The phenomenon of ‘’big data’’ - where information comes from different sources ranging from connected devices to sensors and GPS - offers enormous potential to develop innovative products and services. Turning big data—call logs, mobile-banking transactions, online user-generated content, online searches, satellite images, etc.—into actionable information opens exciting opportunities. The growing role of ‘crowdsourcing’ and other “participatory sensing” efforts bringing together communities of practice through the use of mobile phones and other platforms including Internet, hand-held radio, and geospatial technologies present promising opportunities. Generating value at the different stages of the data value chain is at the centre of the knowledge economy. Improved and inclusive data setting, use and sharing will enhance evidence-based decision-making and improve the policies. To exploit the potential of open data, new partnerships are needed between policy-makers, researchers, farmers and the private sector.
In recognition of this, Agricultural Information Resource Centre with initial support of the FAO is organising a stakeholder workshop on 4th-5th July to consolidate initial efforts and frame modalities for creating and establishing an open data centre for the agriculture, livestock, fisheries and irrigation sector in Kenya.
To establish an open data management system to support attainment of 100% food and nutrition security through sustainable agricultural approaches
Specific Objectives of the Conference
• To establish a stakeholder network that will generate, process and share information on sustainable food and nutrition security
• Critical review of existing data management systems. (Identify gaps, what is in place and what is missing, overlaps, coordination , standardization- strengths, weaknesses, opportunities)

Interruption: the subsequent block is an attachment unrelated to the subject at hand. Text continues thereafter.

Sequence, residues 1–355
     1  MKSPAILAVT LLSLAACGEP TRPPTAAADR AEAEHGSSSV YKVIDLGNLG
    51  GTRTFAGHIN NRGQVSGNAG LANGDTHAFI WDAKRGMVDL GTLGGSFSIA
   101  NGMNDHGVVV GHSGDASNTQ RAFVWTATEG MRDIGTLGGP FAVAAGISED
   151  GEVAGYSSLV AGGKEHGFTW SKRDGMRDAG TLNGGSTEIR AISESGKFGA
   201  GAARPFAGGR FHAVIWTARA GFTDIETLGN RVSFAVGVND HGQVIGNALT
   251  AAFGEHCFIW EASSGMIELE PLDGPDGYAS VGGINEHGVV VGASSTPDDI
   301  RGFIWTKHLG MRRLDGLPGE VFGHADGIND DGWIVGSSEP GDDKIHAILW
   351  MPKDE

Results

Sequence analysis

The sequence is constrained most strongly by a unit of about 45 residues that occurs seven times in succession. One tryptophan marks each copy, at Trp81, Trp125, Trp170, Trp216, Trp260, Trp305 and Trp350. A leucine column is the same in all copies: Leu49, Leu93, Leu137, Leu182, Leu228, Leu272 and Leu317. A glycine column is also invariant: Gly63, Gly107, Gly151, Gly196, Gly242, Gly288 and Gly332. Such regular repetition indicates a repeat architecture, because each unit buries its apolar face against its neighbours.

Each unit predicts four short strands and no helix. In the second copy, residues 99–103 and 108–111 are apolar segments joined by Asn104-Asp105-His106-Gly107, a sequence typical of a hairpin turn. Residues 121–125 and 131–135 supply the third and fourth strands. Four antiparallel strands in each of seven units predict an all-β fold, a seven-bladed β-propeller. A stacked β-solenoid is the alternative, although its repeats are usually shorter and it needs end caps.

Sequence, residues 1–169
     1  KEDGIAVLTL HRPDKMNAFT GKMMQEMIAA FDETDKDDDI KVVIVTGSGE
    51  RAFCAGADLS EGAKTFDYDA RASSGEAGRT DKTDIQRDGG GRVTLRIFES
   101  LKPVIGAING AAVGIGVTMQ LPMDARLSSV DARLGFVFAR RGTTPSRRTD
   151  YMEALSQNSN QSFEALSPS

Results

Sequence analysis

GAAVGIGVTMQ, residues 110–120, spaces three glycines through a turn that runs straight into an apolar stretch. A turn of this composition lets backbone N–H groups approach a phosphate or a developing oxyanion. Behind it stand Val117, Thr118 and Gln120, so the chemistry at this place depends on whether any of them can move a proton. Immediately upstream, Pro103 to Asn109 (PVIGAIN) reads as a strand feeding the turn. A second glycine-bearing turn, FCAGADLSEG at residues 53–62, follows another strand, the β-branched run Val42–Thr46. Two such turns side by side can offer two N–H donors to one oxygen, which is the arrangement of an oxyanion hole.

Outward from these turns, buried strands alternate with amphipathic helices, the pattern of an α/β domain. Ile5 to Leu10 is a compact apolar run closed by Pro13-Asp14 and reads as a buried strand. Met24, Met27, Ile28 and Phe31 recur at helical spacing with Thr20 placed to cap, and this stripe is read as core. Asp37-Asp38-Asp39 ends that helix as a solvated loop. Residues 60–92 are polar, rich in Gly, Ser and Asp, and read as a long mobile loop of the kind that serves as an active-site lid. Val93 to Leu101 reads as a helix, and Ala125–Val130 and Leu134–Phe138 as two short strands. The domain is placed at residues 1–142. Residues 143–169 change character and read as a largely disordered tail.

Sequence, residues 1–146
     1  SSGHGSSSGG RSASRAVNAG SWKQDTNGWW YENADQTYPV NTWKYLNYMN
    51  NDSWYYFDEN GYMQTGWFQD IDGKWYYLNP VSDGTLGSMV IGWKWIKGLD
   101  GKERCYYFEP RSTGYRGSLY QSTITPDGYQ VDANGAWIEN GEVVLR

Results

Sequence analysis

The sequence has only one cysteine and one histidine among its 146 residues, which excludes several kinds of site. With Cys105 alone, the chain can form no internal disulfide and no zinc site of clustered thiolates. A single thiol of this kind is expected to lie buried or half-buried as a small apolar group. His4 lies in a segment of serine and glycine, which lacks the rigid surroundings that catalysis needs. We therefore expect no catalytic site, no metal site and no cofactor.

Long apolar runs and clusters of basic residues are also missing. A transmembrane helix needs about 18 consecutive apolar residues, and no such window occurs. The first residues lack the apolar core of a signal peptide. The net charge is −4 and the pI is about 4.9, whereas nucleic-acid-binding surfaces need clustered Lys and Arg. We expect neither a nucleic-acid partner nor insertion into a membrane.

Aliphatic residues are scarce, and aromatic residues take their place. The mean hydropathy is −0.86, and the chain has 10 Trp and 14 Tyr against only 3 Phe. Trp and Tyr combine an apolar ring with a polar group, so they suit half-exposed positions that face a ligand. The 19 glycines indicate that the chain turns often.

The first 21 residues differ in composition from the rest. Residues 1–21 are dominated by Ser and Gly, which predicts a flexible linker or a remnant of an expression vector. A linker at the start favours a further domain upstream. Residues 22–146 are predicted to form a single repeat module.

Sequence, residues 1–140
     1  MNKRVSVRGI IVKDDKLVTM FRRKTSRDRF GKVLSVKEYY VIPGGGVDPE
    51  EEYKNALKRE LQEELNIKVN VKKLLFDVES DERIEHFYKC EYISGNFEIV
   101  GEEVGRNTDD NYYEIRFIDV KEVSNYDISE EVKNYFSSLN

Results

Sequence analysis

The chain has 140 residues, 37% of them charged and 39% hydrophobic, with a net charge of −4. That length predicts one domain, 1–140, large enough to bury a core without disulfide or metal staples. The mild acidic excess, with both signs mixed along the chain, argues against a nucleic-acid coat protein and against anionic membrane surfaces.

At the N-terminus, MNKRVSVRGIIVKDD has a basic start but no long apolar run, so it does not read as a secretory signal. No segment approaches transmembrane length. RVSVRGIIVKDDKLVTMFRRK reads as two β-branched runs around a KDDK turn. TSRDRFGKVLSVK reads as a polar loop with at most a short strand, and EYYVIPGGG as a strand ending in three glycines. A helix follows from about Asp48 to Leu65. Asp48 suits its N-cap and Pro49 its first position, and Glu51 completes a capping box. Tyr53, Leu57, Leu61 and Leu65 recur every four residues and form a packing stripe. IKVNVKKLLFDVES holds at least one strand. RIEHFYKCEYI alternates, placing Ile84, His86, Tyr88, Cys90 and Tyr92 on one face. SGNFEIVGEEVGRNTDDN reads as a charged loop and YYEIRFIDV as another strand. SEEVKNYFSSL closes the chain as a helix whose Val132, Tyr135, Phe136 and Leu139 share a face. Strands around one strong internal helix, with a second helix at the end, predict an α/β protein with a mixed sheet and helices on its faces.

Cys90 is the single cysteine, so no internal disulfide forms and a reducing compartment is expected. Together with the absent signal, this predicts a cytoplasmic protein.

• Agree on a framework for establishing food and nutrition security open data management system
• Way forward: (Plans, targets with a time frame)
Who should attend?
The workshop is aimed at bringing together both suppliers and users of agricultural knowledge and information professionals from both the private and public sector with interest in food and nutrition security and sustainable agriculture:
• Government officials dealing with formulating and implementing agricultural, food and nutrition security, and trade policies.
• Producers and producer organizations/ associations, women and youth groups, etc.
• Agricultural research organizations, statistical agencies, and relevant academic institutions producing technologies, information and knowledge
• Service providers such as agencies engaged in extension and advisory services, financial institutions, insurance companies, transporters, mobile phone services, ICT platform solutions, market information services, business development services, etc.
• Agribusinesses dealing with farmers, including processors, exporters and importers, agro-dealers, etc.
• Representatives of national, regional and international organizations involved in funding and implementing agricultural development and enterprise projects.
CLICK HERE TO SEE LIVE VIDEO
Dr. Isaiah Okeyo
Director of Agriculture Information Resource Centre
Dr. Gabriel Ragulema
FAO Country Representative
Information & Knowledge Management in Support of Food & Nutrition Security
Hon Mwangi Kiunjuri EGH
CS. Agriculture, Livestock, Fisheries & Irrigation
Guest of Honour/ Opening Session
Demonstration of a data management system
Key Note Address
Safaricom Segments Manager
Mobile Based Systems
Dr. Christian Thine
University of Nairobi
Satellite, Remote Sensing and GIS Based Systems
Senior Ass. Director of
ICT Authority of Kenya
Open Data Source Framework